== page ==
We found a strong inverse association between obesity and mortality that is consistent with the results of several cohort studies and observational studies in other health care systems, with potential relevance for the treatment of obesity.
In a significant number of patient’s obesity is not addressed at the time of the initial diagnosis which leads often to weight gain, in most cases to a substantial degree. Pharmacological therapy for hypertension and overweight is sometimes used, but to a limited extent, and is less successful. Obesity itself is not addressed directly, except for bariatric surgery.
Obesity rates have increased among children, young adults, and the elderly. Obese individuals with body mass index (BMI) values above the current national definition of obesity in children and young adults are most likely to experience obesity-related disease. Therefore, the BMI used in epidemiological surveys should be adjusted for age, sex, puberty status, and geographic region.
Signs of obesity include lack of physical activity, low physical ability, weight gain, and loss of muscularity. The onset is typically at age 20, and is usually associated with weight problems. These people may be overweight, obese, or both.
There is a clear relationship among high rates of obesity, lack of physical activity and unhealthy eating habits, in which people fail to consume a full range of available foodstuffs because of lack of knowledge and skills. There is no one clear cause of obesity. The most salient factors, which act in an additive manner, are lack of physical activity and unhealthy lifestyle factors in which people have adopted eating high calorie junk food as a way of avoiding hunger.
Many of these side effects are related to weight loss: fatigue, loss of appetite, constipation, stomach upset, headaches, feeling faint or vertigo, dizziness, and dry lips. Other side effects are common and often go away with weight loss and may be related to the weight management program: abdominal pain, loss of blood, numbness or tingling of limbs, and swelling. A small number of people experience a few other side effects but can't necessarily attribute these to the weight management program and many have experienced side effects related to weight loss before or since being in a program. Some of the side effects of obesity treatment appear to be due to unhealthy behaviors, genetics, and/or lack of adherence to medication.
Although several of the studies reported no significant differences in adherence to treatments, patients receiving a combination of medications reported being better-treated than those on monotherapy. Thus patients should be advised that the addition of a medication to diet/drug regimen should increase the chance of weight loss in those with obesity.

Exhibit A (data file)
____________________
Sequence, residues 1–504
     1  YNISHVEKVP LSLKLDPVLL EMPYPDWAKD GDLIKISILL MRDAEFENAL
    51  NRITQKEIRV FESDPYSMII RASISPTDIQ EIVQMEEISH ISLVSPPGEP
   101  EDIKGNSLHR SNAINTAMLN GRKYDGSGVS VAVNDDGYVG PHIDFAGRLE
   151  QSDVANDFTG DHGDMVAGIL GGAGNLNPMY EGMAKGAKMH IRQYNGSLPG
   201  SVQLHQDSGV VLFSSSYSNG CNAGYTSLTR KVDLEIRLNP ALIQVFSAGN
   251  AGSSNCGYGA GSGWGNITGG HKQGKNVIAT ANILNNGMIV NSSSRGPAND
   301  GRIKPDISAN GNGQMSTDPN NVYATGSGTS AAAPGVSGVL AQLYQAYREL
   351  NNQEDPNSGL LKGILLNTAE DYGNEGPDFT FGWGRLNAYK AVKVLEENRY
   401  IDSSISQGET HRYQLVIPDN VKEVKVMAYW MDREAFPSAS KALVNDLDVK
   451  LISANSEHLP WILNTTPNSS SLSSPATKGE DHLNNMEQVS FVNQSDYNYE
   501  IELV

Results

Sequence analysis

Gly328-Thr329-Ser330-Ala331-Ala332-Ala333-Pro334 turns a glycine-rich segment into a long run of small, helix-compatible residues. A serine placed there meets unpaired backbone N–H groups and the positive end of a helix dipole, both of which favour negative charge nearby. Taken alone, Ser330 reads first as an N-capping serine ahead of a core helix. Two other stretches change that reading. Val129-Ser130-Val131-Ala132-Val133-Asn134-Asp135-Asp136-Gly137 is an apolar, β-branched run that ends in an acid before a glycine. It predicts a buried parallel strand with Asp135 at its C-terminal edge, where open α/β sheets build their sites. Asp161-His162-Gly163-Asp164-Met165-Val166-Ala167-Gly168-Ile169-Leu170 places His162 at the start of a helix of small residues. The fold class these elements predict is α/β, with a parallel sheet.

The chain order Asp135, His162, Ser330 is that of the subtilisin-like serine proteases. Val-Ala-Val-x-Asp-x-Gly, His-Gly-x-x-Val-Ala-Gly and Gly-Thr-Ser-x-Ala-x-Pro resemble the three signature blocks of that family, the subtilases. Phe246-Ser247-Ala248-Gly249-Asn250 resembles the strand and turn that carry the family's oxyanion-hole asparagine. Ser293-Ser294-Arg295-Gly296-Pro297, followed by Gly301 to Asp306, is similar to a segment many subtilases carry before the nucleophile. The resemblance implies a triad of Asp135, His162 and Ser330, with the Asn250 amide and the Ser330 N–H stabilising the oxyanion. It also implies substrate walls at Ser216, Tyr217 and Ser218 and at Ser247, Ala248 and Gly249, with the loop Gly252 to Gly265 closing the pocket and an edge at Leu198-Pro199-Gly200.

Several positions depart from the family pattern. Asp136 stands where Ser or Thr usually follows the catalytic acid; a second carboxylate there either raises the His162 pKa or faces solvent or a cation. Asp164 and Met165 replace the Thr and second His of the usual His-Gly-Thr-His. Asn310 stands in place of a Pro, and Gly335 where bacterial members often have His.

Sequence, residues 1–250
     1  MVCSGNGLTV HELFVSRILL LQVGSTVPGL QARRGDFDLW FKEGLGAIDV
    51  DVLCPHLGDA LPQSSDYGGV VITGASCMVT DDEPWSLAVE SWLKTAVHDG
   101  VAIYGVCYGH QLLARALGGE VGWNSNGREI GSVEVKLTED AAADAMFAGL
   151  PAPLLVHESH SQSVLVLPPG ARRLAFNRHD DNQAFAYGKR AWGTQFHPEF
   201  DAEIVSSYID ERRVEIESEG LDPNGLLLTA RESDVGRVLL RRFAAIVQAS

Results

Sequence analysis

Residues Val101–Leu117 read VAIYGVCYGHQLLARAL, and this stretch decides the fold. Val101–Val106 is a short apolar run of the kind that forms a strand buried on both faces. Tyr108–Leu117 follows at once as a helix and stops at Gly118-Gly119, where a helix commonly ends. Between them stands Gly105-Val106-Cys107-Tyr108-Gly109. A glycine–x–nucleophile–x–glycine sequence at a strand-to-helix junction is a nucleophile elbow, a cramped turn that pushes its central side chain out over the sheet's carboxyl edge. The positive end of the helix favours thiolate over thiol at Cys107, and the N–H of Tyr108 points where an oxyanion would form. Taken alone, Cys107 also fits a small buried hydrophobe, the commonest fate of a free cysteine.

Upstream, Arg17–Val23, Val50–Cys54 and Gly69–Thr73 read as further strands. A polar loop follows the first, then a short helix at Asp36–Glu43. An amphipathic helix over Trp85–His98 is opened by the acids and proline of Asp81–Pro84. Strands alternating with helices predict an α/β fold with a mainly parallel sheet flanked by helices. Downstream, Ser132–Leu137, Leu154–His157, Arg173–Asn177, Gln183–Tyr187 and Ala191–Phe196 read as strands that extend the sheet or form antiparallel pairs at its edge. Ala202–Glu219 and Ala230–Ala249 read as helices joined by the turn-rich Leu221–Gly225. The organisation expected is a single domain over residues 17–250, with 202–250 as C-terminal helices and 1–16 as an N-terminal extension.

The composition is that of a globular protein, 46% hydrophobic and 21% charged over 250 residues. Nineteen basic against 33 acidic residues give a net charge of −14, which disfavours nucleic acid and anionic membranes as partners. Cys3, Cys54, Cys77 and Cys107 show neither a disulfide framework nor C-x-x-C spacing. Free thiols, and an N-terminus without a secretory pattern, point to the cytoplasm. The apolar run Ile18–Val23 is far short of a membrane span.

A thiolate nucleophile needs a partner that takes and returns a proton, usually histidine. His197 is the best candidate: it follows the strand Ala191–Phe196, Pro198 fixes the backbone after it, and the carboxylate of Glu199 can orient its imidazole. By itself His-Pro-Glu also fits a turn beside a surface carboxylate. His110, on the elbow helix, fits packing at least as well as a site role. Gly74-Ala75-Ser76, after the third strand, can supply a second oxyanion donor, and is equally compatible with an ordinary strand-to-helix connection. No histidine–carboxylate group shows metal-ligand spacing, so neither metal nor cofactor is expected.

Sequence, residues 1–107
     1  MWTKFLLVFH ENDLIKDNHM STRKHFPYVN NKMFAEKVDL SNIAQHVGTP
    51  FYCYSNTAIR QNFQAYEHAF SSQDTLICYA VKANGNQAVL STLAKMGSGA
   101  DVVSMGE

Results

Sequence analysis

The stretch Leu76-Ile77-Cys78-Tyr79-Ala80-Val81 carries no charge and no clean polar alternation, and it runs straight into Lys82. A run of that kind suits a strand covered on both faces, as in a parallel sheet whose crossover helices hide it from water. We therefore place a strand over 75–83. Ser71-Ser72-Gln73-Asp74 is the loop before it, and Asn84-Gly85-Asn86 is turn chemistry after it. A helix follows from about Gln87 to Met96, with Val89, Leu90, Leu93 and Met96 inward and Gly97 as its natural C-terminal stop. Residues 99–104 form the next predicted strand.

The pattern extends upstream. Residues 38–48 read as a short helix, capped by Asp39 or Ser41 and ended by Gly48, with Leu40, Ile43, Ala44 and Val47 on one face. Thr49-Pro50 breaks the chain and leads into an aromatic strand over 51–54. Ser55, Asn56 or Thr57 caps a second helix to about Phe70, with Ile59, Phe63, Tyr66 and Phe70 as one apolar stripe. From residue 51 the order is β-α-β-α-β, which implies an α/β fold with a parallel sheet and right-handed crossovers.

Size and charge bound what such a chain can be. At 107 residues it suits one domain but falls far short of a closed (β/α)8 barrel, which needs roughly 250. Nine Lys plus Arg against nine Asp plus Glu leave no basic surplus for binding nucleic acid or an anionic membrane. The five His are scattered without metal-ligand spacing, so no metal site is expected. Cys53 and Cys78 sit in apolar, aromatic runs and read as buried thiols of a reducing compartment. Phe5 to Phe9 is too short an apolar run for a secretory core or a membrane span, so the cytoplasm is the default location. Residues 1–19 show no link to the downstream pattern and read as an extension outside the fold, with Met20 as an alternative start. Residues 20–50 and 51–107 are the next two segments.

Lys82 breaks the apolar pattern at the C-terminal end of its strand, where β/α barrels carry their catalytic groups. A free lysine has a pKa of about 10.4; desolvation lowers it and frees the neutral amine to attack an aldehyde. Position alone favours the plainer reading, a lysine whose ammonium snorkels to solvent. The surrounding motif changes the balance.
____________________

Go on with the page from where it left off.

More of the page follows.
Weight loss treatments using caloric restriction, sustained-release oral medications and exercise, and non-caloric medications, when compared with placebo, have been proven to be effective in treating obesity over a 6-month period in a randomized, double-blind, placebo-controlled study. Results from multiple randomized, controlled trials have shown that a weight fluctuation of at least 2 lb/week during weight loss therapy is associated with better long-term treatment outcomes than for those treated with a placebo. Because of the potential for both adverse events and lack of information about effectiveness on treating obesity, it is recommended that the use of some weight loss treatments be monitored carefully.
Although more research is needed to confirm or refute the results of this study, the treatment options might be improved using a variety of techniques and medications. The treatments that may be of the most help are those for reducing body fat and managing obesity in an overall healthy manner. Physicians and patients need to keep in mind that there is not one ideal treatment for obesity; each patient must individualize treatment based on factors such as the cause and effects of the disease. A multidisciplinary approach tailored to the patient is necessary, so that the whole person is treated, instead of only focusing on weight loss at a certain time. Physicians may be encouraged to use weight loss in their practice if the problem is not caused by a simple disorder such as obesity.
In this population, there was a significant improvement with weight maintenance in one area of the QALY. The other areas improved but did not reach statistical significance.
There have been several small pilot clinical trials involving treatment, but none have shown any conclusive efficacy. Further, none have lasted more than one year. In addition, most studies were uncontrolled, with one study of moderate sizes ( n = 382) being the only controlled study reported, but found no evidence of benefit or detrimental effects. A recently published uncontrolled trial of an intensive inpatient treatment programme ( n=75), however, did indicate some improvement in some parameters of obesity (body mass index and waist circumference) and in metabolic and endocrine disorders (glucose levels, insulin, leptin, and triglycerides). However, the data remain preliminary as of August 2008.